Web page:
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ABSTRACT: The cerebellum is classically considered to be mainly involved in motor processing, but studies have suggested several other functions, including pain processing. Calcitonin-gene-related peptide (CGRP) is a neuropeptide involved in migraine pathology, where there is elevated release of CGRP during migraine attacks and CGRP receptor antagonists have antimigraine efficacy. In the present study, we examined CGRP and CGRP receptor binding sites and protein expression in primate cerebellar cortex. Additionally, mRNA expression of the CGRP receptor components, calcitonin receptor-like receptor (CLR) and receptor activity modifying protein 1 (RAMP1), was examined. In addition, expression of procalcitonin was studied. We observed high [(3)H]MK-3207 (CGRP receptor antagonist) binding densities in the molecular layer of rhesus cerebellar cortex; however, due to the limit of resolution of the autoradiographic image the exact cellular localization could not be determined. Similarly, [(125)I]CGRP binding was observed in the molecular layer and Purkinje cell layer of human cerebellum. CLR and RAMP1 mRNA was expressed within the Purkinje cell layer and some expression was found in the molecular layer. Immunofluorescence revealed expression of CGRP, CLR, and RAMP1 in the Purkinje cells and in cells in the molecular layer. Procalcitonin was found in the same localization. Recent research in the biology of cerebellum indicates that it may have a role in nociception. For the first time we have identified CGRP and CGRP receptor binding sites together with CGRP receptor expression through protein and mRNA localization in primate cerebellar cortex. These results point toward a functional role of CGRP in cerebellum. Further efforts are needed to evaluate this.The Cerebellum 08/2013; 12(6). DOI:10.1007/s12311-013-0509-4 · 2.86 Impact Factor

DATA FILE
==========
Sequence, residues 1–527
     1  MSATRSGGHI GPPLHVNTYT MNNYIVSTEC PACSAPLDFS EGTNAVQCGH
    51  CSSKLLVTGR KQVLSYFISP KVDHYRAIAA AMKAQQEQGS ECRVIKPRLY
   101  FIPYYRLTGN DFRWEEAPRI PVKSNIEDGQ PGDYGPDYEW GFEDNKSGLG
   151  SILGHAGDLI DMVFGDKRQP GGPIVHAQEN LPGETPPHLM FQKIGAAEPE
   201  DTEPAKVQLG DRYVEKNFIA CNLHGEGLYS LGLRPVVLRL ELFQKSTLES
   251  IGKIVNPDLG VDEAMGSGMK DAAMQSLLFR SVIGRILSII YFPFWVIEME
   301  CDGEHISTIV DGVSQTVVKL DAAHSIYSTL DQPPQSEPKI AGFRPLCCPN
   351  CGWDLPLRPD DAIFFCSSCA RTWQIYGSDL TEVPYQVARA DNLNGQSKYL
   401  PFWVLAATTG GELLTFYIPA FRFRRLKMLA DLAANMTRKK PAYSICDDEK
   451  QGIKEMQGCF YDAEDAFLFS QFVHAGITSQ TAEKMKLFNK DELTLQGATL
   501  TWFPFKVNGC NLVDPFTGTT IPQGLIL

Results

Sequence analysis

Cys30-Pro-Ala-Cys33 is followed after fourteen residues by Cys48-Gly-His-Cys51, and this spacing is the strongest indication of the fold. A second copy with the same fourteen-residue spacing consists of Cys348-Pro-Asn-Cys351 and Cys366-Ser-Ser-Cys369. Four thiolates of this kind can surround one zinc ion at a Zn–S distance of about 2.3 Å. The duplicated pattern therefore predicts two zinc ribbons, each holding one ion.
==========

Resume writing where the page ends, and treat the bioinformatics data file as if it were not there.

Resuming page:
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ABSTRACT: Calcitonin gene-related peptide (CGRP) is a well-studied neuropeptide of relevance for migraine pathophysiology. Jugular levels of CGRP are increased during migraine attacks, and intravenous CGRP administration induces migraine-like headache in most individuals with migraine. Several CGRP receptor antagonists (CGRP-RAs) were shown to be effective for the acute treatment of migraine, validating the target for the treatment of migraine. However, for a number of reasons, including issues of liver toxicity with chronic use, the development of CGRP-RAs has yet to produce a viable clinical therapeutic. Development of monoclonal antibodies (mAbs) targeting the CGRP pathway is an alternative approach that should avoid many of the issues seen with CGRP-RAs. The exquisite target specificity, prolonged half-lives, and reduced potential for hepatotoxicity and drug-drug interactions make mAbs suitable for the preventive treatment of migraine headaches. This manuscript provides an overview of the role of CGRP in the pathophysiology of migraine, followed by a review of the clinical development of CGRP-RAs. Some basic concepts on antibodies are then discussed along with the publicly disclosed information on the development of mAbs targeting the CGRP pathway.CNS Drugs 03/2014; DOI:10.1007/s40263-014-0156-4 · 4.38 Impact Factor